The King and Dr. Nick: What Really Happened to Elvis and Me
By: George Nichopoulos, M.D. with Rose Clayton Phillips
Publisher: Thomas Nelson
Publication Date: January 2010
Reviewed by: Deb Fowler
Review Date: January 4, 2010
His pager kept beeping and the third beep was the charm. Dr. Nichopoulos, "Dr. Nick" for short, quickly headed to the nearest phone to find out who was calling. It was Tuesday, August 16, 1977, a day that would be cemented in many minds. The panic that can only enter a voice when something is terribly wrong, met him on the other end of the line. "I think he had a heart attack," Joe Esposito called out to him. Dr. Nick was Elvis Presley's doctor and something was wrong, very wrong. An ambulance rushed to transport him to Baptist Memorial. It wasn't long before the world knew what happened at Graceland, but would they ever really know what happened? "Stop CPR. He's gone."
Dr. Francisco made the announcement that the "cause of death [was] cardiac arrhythmia due to undetermined heartbeat," but that wasn't enough. There had to be more, a hidden reason why the King was gone. That quest would ultimately fuel "a controversy that has never died." Vernon was heartbroken and wanted to know who had killed his son. The frenzy had only begun. The media began to circle like vultures. If there were answers, they would find them. Dr. Nick claimed he was cautious when he prescribed drugs, carefully placing them in small brown envelopes ready to be dispensed by Presley's nurse. An innocuous treatment plan and careful monitoring of a patient was commendable, but some people looked askance.
"I was saddened and hurt that Elvis's use of prescription drugs had been kept from me." Dr. Nick exclaimed. Dr. Eric Muirhead doubted that heart disease was the culprit. Someone had to be blamed for this death. The death certificate was signed by Dr. Nick and he thought that would be the end of the questions, but they had only begun for the man who soon became know as a "pill pusher" and the man who killed Elvis Presley. Was there a cover-up? ABCs 20/20 wanted to know about "over five thousand Schedule II narcotics and/or amphetamines" he had prescribed to Elvis Presley. Was Dr. George Nichopoulos being tried in the press? Were these people going to crucify an innocent man to get the scoop or was he really guilty as charged?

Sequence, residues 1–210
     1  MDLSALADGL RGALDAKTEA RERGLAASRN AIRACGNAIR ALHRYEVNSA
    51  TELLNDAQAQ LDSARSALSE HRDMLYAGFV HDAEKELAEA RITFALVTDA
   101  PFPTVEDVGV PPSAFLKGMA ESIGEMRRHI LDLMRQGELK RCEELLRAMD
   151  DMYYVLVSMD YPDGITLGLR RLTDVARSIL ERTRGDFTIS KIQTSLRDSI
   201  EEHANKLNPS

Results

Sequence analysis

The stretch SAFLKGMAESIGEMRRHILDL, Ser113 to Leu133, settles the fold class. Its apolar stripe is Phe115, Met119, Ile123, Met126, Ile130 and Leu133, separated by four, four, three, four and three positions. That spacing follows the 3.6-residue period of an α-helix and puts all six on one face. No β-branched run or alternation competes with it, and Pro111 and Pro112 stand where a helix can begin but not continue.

I was really quite stunned by many of the revelations in this book. Dr. Nick claimed that he "was confident the truth was on [his] side" and he presents a lot of information for and against him in this book, including a detailed toxicology report. There is an extensive list of source data in the back of the book that includes legal documents, court records, articles, interviews, etc. I am not up on anything "Elvis" and I'm sure many of these revelations are not new to people who have followed this case for the past thirty-two years. Without extensive reading I would not be able to fall on one side or the other, but I did keep in mind that Dr. Nick has had many years to formulate his responses to accusations put before him. He did say that "There were ten charges for which I was ultimately found guilty, which all dealt with overprescribing." Guilty or not? This is a well-written and carefully researched book, but the ultimate verdict will have to rest with the individual reader.
Quill says: Did the press railroad an innocent man to get the "scoop" or was Dr. Nick guilty as charged?